“Its energy surrounds us, binds us. Luminous beings are we, not this crude matter. You must feel the Force flow around you.” Master Yoda
The idea of the “Energies of the Spirit” is an ancient Eastern Orthodox doctrine, which can help make sense of God in 21st Century Australia.
John of Damascus was one of the earliest writers to refer to energy as a way of understanding God. It is a metaphor which might still appeal.
John was firmly of the eastern tradition, which held that God was ultimately inaccessible to human inquiry. This belief in the incomprehensibility of God found further expression in the East in the absolute separation between God and his creation. The inner being of God, God’s very essence, could not be experienced, nor accessed by the creatures he had made.
And yet … the Christians, and the Jews before them, could not deny their experiences. Human beings were invited to participate in the divine nature, to be drawn into the very life of the divine. The experience of the people of God was profoundly life-giving and transcendent. The three disciples, who climbed the mountain-top and saw their Lord transfigured before them, experienced something of the eternity of God.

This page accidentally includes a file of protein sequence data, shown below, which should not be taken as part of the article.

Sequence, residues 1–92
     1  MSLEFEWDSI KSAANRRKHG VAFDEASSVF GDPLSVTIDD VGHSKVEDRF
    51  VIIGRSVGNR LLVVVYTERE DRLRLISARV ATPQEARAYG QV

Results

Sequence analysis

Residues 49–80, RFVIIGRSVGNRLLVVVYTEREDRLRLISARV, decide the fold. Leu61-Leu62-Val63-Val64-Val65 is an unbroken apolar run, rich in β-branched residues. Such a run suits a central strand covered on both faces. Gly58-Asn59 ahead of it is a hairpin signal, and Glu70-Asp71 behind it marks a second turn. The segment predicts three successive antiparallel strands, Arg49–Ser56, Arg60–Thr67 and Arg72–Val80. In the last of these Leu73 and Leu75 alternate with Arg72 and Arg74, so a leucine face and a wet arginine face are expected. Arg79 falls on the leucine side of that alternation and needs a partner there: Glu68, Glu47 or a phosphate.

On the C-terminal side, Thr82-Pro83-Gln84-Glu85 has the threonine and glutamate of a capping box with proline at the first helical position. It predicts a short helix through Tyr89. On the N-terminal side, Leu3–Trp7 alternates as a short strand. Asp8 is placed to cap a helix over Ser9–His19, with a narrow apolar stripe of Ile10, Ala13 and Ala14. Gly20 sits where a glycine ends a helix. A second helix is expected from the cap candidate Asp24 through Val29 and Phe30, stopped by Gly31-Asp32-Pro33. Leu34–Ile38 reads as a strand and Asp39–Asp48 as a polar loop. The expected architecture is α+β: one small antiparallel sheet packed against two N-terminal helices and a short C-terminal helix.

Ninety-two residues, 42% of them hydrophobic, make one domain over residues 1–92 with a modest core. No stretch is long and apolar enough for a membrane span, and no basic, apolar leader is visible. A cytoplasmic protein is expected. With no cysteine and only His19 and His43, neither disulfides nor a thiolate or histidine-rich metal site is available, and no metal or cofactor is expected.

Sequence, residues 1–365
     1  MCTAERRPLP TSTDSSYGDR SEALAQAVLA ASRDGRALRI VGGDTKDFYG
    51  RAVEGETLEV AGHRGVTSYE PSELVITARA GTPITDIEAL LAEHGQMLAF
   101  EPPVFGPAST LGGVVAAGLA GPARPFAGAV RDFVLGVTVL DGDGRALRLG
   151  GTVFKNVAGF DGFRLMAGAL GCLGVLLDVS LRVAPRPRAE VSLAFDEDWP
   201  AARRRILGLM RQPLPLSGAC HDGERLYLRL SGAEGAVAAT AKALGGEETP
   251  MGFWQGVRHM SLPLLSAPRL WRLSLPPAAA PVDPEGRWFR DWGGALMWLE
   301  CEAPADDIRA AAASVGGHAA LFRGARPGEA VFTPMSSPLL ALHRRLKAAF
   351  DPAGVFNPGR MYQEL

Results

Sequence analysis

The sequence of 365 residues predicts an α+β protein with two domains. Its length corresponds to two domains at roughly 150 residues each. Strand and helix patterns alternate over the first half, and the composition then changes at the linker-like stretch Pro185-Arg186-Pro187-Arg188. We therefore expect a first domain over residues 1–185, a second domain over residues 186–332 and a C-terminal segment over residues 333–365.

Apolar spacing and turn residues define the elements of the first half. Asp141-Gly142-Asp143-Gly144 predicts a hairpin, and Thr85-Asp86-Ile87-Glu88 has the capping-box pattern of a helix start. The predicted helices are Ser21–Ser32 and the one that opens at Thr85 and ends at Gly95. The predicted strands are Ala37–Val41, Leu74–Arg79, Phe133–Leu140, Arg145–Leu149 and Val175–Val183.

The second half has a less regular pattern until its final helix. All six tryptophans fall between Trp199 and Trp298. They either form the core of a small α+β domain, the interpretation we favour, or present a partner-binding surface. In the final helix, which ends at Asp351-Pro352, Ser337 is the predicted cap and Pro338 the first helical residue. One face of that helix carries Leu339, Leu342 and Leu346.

How then did this eastern writer make sense of these experiences, given his belief that creatures could not experience the very essence of the Creator? John wrote of the divine energies of God: uncreated energies which could be experienced directly, without compromising the distinction between the Creator and his creation.
In the 14th century, Gregory Palamas developed John’s idea, writing of the energies of God shining forth like rays of light from the Sun, opening the divine life to our participation.
When a sunbeam falls on a transparent substance, the substance itself becomes brilliant, and radiates life from itself. So too, the Spirit-bearing souls, illumined by him, finally become spiritual themselves, and their grace is sent forth to others.
Thus did the Eastern Church profoundly teach of the direct experience of the divine.
A forgotten treasure